Friday, April 20, 2018

DIY Tulip Wreath

Apparently I'm into wreaths? I remember each holiday in my childhood, mom would lug a giant rubbermaid box of decorations out of the garage, and we'd bedeck the house. In hindsight, I suspect our decorations were probably a mix of garish-and-cheap next to expensive-and-broken items: White ghosts (stuffed with plastic grocery bags) hanging from the trees out front for Halloween, real pumpkins stabbed with wooden feathers to resemble turkeys at Thanksgiving, or intricate little Christmas nutcrackers with delicate hats, hands, or heads that were super-glued back on after careless children broke them.

Sorry we broke all your stuff, mom (and continue to break; who killed off another wise man from your nativity set last Christmas? It wasn't me this time.) That's not the point, though; the point is that I remember loving the process of decorating our house. However, I'm four years a mother, and I don't really have much of a stash of seasonal decor myself to spread the joy to my children. The one thing I'm slowly accumulating is a small supply of wreaths.

Perhaps it's because my first DIY autumn wreath was (is) so awesome. I really liked how it turned out, and the process was a fun experiment.

Then the Christmas edition came around the next year:

However, pine cones don't really say "spring," do they? I did the unthinkable a bought an Easter wreath on sale at Smith's, but Easter came and went so quickly.  I eyed my barren door last week and knew it was time for something happy, springy, and floral. Thus, to my Pinterest board I went, and I pulled up this lovely tulip wreath tutorial from The How-To Mom. "Laurel," you say, "your wreath doesn't look as great as hers." I know, I know. It's either a product of skill or a Michael's vs. Dollar Tree effect. I do love her two-toned effect, but the dollar store only had pink and pink-with-a-little-bit-of-white varieties. Not much contrast, I'm afraid. Nonetheless, I am super pleased with how it turned out.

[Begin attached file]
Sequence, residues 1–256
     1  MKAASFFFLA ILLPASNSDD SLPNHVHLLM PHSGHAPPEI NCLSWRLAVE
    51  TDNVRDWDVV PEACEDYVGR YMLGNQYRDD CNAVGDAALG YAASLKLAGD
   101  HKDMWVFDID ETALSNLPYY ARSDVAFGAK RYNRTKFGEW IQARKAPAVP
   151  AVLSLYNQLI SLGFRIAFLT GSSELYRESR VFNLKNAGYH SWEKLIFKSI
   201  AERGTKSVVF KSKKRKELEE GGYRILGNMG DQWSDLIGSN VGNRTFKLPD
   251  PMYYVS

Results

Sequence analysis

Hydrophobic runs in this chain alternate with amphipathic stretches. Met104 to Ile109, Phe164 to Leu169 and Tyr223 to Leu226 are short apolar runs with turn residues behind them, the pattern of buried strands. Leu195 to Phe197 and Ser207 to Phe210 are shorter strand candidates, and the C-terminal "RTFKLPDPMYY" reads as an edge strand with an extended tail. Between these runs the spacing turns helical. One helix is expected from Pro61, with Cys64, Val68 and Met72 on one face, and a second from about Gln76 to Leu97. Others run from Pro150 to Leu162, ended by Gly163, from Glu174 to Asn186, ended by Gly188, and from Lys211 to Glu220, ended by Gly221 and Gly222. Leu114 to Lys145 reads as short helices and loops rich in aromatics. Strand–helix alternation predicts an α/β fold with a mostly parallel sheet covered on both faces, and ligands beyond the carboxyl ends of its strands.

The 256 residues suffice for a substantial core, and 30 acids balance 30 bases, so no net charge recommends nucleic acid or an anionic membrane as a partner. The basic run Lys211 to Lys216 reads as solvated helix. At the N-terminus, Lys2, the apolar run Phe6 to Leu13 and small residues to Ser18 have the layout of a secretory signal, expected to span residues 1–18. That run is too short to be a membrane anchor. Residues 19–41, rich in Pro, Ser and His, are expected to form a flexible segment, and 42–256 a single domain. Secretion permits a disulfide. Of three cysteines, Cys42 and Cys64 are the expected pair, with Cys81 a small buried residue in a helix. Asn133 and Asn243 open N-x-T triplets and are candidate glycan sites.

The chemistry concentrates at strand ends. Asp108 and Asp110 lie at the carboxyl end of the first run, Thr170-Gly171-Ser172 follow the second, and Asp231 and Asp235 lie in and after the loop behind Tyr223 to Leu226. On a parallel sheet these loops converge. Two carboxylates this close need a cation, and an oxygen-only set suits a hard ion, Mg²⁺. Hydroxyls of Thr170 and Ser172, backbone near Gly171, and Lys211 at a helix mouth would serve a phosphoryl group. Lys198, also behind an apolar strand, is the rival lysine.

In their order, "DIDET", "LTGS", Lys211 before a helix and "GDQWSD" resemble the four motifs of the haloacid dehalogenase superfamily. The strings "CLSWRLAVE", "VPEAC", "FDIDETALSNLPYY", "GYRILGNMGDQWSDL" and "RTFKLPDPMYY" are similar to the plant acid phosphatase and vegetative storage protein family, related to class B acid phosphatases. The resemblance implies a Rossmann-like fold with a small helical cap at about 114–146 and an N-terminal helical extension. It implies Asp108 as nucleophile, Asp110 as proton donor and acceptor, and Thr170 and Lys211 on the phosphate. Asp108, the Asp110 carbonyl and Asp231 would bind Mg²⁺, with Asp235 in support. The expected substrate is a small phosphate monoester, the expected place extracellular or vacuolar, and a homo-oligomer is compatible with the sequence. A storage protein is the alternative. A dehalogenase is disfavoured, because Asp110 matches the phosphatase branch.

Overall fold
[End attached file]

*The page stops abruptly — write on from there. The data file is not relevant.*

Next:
I bought the tulip stems and ribbon from Dollar Tree. Fact: I can't remember how many bunches I bought (not enough the first time; I had to go back for more.) My best guess is 12 bunches with 4 or 5 tulips a bunch. I used one spool of 3 inch x 3 yard green burlap ribbon. It... almost reached. I knew it was going to be close, and had I overlapped it slightly less, I think I could have made it seamlessly around. The very last section (where I put the loop to hang it) has a loop of brown burlap that I hope is hidden by the flowers.😊

Since the Dollar Tree only had 9 inch foam wreath forms, I opted for a Walmart one for around $4. I chose the 12 inch (though the original tutorial uses a 14 inch.) All around, that clocks in the price of this beauty at roughly $17 before tax.